The Senate Whitewater Committee, completing its 13-month investigation, has concluded that Hillary Rodham Clinton directed aides to prevent investigators from examining politically sensitive documents in the White House office of deputy counsel Vincent W. Foster Jr. after he killed himself nearly three years ago.
In a report scheduled to be made public on Tuesday, the Republicans, who control the committee, said senior White House aides impeded other investigations and close advisers of the Clintons provided “inaccurate and incomplete” congressional testimony “in order to conceal Mrs. Clinton’s pivotal role in the decisions surrounding the handling of Foster’s documents following his death.”
A copy of major portions of the report was provided to The New York Times by people involved in the congressional investigation.
The committee concluded that evidence “strongly suggests” the first lady was concerned that investigators might discover documents in Foster’s office about Whitewater or the firing of travel office staff, so she “dispatched her trusted lieutenants to contain any potential embarrassment or political damage.”
White House officials said Saturday that they had not yet seen the report, but said they considered it a purely political instrument designed by the committee’s chairman, Sen. Alfonse M. D’Amato of New York, to help the Republicans.
“Americans understand that a report from Senator D’Amato, the chair of Bob Dole’s presidential campaign, is just not credible and amounts to nothing more than a $1 million taxpayer-subsidized press release for the Republican presidential campaign,” said Mark Fabiani, an associate White House counsel. Over the weekend, Senate Democrats worked on a minority report with conclusions far different from the Republicans’.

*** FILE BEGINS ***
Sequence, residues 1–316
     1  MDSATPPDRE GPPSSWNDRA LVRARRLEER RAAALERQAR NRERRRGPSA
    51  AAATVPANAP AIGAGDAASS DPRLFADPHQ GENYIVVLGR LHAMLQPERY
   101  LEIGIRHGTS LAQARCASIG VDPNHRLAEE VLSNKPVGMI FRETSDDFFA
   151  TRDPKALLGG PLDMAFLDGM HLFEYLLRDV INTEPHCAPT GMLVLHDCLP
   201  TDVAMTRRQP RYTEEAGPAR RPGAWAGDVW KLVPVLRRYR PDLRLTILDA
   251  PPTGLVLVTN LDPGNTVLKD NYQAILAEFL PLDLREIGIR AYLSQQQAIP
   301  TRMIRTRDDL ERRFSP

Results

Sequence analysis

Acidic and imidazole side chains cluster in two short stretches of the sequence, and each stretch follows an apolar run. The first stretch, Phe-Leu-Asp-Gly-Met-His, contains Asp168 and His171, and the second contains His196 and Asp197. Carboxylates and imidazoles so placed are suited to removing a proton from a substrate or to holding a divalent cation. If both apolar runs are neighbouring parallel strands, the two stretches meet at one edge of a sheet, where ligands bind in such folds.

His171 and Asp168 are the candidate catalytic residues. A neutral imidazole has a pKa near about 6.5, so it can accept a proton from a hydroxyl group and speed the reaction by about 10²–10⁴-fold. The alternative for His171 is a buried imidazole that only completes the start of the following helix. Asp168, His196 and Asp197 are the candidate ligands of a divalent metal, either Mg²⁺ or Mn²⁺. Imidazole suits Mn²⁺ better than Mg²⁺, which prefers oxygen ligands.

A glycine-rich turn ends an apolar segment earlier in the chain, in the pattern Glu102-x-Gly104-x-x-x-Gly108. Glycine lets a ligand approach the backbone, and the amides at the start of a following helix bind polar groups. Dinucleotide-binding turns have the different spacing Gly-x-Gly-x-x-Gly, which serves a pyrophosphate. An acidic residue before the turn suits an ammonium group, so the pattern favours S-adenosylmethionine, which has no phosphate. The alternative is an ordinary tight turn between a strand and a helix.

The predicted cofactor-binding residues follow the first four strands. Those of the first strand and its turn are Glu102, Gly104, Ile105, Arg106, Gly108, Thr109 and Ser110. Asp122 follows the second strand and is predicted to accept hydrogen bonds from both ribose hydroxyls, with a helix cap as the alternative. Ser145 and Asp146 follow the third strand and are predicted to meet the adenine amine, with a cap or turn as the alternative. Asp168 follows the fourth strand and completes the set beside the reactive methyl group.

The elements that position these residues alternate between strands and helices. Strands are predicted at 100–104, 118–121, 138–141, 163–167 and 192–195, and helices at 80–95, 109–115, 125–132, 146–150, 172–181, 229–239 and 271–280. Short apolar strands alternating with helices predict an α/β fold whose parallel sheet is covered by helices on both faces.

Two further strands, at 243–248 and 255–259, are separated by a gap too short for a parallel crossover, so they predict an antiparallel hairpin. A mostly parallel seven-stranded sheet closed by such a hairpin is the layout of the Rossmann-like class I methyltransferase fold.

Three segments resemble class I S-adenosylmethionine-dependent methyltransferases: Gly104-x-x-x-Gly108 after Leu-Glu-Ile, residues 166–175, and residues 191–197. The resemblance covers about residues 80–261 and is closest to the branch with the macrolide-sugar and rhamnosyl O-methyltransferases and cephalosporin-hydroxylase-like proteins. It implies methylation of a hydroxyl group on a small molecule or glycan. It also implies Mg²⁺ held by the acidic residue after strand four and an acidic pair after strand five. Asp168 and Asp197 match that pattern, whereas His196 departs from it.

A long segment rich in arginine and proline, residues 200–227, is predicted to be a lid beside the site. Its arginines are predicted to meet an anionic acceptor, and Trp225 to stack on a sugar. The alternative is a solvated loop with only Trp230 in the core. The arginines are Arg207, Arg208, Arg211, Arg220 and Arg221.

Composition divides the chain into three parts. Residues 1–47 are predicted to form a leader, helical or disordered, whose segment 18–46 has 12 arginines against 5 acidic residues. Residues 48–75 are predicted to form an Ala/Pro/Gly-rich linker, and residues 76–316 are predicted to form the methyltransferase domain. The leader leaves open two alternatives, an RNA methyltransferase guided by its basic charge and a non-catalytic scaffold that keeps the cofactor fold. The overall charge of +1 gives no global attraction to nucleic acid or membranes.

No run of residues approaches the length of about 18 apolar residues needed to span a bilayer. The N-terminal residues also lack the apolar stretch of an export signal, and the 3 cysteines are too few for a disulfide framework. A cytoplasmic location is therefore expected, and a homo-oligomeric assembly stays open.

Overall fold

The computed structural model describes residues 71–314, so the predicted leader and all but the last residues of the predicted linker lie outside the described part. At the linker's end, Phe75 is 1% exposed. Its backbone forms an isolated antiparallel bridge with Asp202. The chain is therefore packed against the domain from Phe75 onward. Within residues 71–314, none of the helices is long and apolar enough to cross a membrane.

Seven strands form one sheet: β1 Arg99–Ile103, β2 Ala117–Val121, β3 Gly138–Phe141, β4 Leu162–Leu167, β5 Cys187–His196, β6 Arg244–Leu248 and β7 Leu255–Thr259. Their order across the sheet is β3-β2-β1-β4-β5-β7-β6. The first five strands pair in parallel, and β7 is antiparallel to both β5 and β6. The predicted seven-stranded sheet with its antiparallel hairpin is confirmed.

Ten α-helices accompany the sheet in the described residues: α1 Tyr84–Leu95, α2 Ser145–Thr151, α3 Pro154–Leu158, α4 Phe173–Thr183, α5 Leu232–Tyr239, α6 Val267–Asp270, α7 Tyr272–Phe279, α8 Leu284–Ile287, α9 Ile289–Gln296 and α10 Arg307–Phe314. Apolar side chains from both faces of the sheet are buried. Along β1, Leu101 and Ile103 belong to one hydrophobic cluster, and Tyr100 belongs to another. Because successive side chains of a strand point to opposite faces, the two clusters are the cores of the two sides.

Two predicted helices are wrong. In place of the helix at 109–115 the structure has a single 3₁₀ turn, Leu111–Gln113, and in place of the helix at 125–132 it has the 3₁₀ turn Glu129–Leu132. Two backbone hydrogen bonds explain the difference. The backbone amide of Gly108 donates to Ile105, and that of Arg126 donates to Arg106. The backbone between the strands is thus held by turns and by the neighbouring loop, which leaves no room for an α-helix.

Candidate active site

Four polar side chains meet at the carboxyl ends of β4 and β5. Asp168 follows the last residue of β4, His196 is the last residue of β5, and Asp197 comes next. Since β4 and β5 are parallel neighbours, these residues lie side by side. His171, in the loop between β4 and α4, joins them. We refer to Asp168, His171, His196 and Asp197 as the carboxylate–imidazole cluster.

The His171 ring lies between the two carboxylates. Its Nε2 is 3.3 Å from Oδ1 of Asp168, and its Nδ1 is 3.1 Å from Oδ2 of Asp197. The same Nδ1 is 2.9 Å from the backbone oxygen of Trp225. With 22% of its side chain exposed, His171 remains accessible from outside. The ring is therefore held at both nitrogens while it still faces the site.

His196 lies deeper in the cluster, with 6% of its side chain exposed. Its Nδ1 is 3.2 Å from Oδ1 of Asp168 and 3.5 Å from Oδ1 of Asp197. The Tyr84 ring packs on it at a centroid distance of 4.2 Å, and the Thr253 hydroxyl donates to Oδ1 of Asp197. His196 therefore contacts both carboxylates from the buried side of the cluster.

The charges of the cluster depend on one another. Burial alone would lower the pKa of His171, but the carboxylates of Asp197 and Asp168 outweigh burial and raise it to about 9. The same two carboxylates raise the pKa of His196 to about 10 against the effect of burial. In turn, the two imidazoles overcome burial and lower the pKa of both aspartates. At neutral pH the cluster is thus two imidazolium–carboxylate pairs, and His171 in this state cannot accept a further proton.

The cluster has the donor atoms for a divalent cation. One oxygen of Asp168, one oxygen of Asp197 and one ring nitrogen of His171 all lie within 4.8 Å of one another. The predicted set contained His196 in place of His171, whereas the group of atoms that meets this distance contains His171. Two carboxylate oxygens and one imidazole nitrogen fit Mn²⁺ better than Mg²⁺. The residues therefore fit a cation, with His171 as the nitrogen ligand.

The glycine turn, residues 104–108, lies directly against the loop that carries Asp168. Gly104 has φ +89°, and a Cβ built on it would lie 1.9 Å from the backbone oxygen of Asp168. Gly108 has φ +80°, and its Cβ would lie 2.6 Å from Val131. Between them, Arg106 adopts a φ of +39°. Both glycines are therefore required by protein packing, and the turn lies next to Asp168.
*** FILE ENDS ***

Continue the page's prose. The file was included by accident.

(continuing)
The aides said the Democratic version will demonstrate dozens of flaws in the Republican findings. To the Democrats, the Whitewater report reflects the kind of politically motivated inquisition they say has pervaded the investigation from its outset.
Throughout the hearing, both the White House and its congressional supporters have repeatedly challenged the assertions of the Republicans, saying they had woven a richly sinister fabric from frayed threads.
“The public deserves an objective report that separates the Whitewater facts from the Whitewater froth,” the chief Democratic counsel, Richard Ben-Veniste, said in a seven-page statement responding to the disclosure of the majority report.
“Unfortunately, the extension of these hearings directly into the presidential campaign season has provoked a high degree of partisanship which has undermined the objectivity of this investigation.”
But both the Republican and Democratic reports are laden with political baggage. While the Republicans read the 10,729 pages of testimony from 250 witnesses in the most incriminating light, accounts provided by Democrats indicate they accepted the most innocent explanations of widely conflicting testimony.
Even so, the Whitewater committee’s report is a remarkable document, if only because never before in modern history has a congressional committee so aggressively challenged a first lady.
In broad strokes, the report paints a portrait of Clinton and her associates as schemers who, for years, destroyed documents, stole sensitive files from a law firm, blocked investigators and went to great lengths to conceal the relationship between the Clintons and James and Susan McDougal.
The McDougals were the Clintons’ business partners in the 230-acre Ozark land venture known as Whitewater, and the owners of Madison Guaranty Savings and Loan, which collapsed in 1989.
“At every important turn, crucial files and documents ‘disappeared’ or were withheld from scrutiny whenever questions were raised,” the report said.